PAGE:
4 takeaways from Zion's first 10 games
Jesse D. Garrabrant / National Basketball Association / Getty

Zion's arrived.

New Orleans Pelicans phenom Zion Williamson rode a career-best 32-point performance into the All-Star break, which made him the first rookie since Michael Jordan to score 20 or more points in eight of his first 10 games.

The Pelicans have gradually built up Williamson's minutes and fans are seeing what made the 19-year-old must-watch television at Duke.

Williamson's averaging 22.1 points, 7.5 rebounds, and 2.2 assists through his first 10 games. Here are four takeaways from Zion's first month in the NBA.

Good and bad on D

While Williamson has produced mixed results defending guards and wings at the pro level so far, he has, at times, shown excellent footwork and quickness. In the clip below, he does a great job staying with Thunder guard Dennis Schroder, eventually forcing an errant pass:

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However, opposing teams have had success targeting Williamson in pick-and-roll situations. He sometimes gives up clean perimeter looks because he drops too far in coverage against ball-handlers. On other occasions, he appears indecisive and is caught flat-footed:

"It's different because I have to learn how to guard the bigs off screen-and-roll a little bit better, or learn when to switch with a guard and when not to switch," Williamson said, according to The Athletic's William Guillory. "It's a lot that goes into it that I wasn't really expecting. I think there's a lot of room for improvement."

Unique transition weapon

Of all the elements in Williamson's game, he was most likely to make an immediate impact in transition. The No. 1 overall pick hasn't disappointed in that aspect, recording 3.5 fast-break points per contest, which ranks tied for 35th among players with at least 10 appearances. He fills passing lanes, can grab-and-go off missed shots, and he has a relentless motor. While the production isn't surprising, the ways in which the Pelicans are deploying Williamson in their up-tempo game is.

Zion's versatility has given new meaning to the term "turning defense into offense." When Williamson is switched onto a guard or flies out to contest a shot from the perimeter, he puts himself into an advantageous offensive position if there's a missed shot. In such scenarios, Zion often bolts up the floor and plants his defender in the paint, allowing his teammates to feed him for a transition post-up opportunity or a close-range shot.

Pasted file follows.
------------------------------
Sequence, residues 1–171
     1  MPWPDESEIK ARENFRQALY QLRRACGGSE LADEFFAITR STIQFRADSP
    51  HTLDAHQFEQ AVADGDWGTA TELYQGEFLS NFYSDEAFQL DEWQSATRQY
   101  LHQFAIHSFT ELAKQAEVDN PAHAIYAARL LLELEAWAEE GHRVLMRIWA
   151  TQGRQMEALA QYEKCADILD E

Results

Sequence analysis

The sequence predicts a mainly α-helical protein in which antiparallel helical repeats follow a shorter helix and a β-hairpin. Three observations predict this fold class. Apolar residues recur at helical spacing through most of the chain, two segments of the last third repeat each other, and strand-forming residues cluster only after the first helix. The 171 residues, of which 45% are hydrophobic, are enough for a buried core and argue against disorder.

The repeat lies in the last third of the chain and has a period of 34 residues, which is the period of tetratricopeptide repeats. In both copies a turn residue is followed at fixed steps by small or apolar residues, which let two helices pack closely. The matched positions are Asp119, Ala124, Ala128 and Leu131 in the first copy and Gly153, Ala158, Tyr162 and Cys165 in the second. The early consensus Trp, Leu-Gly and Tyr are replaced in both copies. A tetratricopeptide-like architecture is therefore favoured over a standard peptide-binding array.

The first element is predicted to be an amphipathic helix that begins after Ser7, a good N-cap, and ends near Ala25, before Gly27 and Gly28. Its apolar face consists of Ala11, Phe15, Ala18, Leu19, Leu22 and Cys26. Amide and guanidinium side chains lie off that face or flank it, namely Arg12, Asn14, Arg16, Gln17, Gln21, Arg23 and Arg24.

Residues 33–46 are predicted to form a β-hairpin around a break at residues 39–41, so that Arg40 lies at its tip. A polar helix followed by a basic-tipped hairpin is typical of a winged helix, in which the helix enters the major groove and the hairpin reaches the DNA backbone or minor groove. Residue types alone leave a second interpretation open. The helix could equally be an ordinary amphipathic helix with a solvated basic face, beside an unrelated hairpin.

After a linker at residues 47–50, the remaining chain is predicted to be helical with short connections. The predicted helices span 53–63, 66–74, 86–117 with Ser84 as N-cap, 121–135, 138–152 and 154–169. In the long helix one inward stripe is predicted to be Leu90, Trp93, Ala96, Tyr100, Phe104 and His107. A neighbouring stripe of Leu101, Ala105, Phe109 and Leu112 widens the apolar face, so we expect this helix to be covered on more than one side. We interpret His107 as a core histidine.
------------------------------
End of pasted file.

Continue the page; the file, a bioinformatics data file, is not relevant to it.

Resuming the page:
Williamson is usually down the court before opponents can set up their half-court defense or provide help, allowing him to exploit mismatches.

Budding chemistry

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Early on, much of Zion's offense has been facilitated by Lonzo Ball. The chemistry between the two players has been undeniable, with Ball dishing out 26 of Williamson's 59 total assisted field goals.

Zion is already one of the Association's top post players, ranking seventh in the NBA with four points per game on 58.6% shooting. And whenever he's being fronted in the post, Ball doesn't hesitate in lobbing a pass over the top of the defense.

The same synergy can be seen in pick-and-roll situations or alley-oops in transition. It appears Williamson and Ball have such a natural feel for one another's games that sometimes all they seemingly need is eye contact in order to beat the defense. New Orleans has an offensive rating of 113 in 219 minutes featuring both players in the lineup, per NBA.com.

Better decision-making needed

Williamson's handle tends to get loose on drives, leaving him prone to turnovers whenever he puts the ball on the floor. He sometimes dribbles right into the teeth of the defense, allowing his counterparts a chance to strip him of possession. Zion commits just under three turnovers per contest, from which 11.9% have come on drives, per NBA.com.

Williamson's decision-making can also improve when he's in a playmaking role. While he's good at seeking out open teammates on cuts and drive-and-kick actions, he does miss some of those reads when ball pressure is applied to him.

In the clip below, Williamson initially misses a cutting Derrick Favors before delivering a late bounce pass to him. As Zion becomes more familiarized with NBA blitzes and traps, he'll learn to recognize them before they're set and make passes a split second sooner.

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Zion's back in action Friday when the Pelicans visit the Portland Trail Blazers.

4 takeaways from Zion's first 10 games
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